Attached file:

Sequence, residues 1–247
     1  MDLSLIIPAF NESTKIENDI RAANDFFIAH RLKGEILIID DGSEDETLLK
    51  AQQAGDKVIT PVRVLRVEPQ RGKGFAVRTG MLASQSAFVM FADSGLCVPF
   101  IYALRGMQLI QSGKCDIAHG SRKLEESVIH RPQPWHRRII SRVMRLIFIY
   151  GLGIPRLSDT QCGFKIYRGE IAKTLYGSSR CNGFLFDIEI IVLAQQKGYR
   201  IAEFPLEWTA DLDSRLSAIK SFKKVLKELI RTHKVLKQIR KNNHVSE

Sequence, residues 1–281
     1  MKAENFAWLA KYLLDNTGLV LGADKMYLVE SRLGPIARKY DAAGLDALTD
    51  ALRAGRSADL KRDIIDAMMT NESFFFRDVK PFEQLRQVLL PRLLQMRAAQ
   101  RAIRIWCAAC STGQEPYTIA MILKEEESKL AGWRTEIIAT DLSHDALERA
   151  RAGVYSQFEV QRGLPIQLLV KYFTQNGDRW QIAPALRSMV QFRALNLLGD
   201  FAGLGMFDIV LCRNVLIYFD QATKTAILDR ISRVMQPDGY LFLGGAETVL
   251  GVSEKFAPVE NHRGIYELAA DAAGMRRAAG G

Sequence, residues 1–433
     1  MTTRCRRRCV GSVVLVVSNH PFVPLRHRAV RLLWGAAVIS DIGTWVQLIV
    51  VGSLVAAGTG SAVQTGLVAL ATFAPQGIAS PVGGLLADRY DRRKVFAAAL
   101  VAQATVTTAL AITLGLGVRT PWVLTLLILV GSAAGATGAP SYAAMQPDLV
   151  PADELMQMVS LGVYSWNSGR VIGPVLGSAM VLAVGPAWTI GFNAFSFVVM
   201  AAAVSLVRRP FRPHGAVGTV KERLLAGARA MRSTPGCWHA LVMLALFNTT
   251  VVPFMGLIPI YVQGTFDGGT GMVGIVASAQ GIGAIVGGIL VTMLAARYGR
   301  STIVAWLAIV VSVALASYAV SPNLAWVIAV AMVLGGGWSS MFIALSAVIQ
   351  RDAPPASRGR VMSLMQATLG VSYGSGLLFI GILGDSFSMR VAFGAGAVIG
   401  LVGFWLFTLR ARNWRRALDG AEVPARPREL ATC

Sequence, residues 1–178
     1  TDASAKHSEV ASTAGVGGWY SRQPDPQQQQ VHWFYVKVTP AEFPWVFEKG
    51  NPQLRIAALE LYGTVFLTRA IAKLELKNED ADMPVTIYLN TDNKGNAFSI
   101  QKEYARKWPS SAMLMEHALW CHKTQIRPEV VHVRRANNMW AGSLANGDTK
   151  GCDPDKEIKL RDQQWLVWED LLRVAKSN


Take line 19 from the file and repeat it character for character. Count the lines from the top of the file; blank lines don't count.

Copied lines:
   201  AAAVSLVRRP FRPHGAVGTV KERLLAGARA MRSTPGCWHA LVMLALFNTT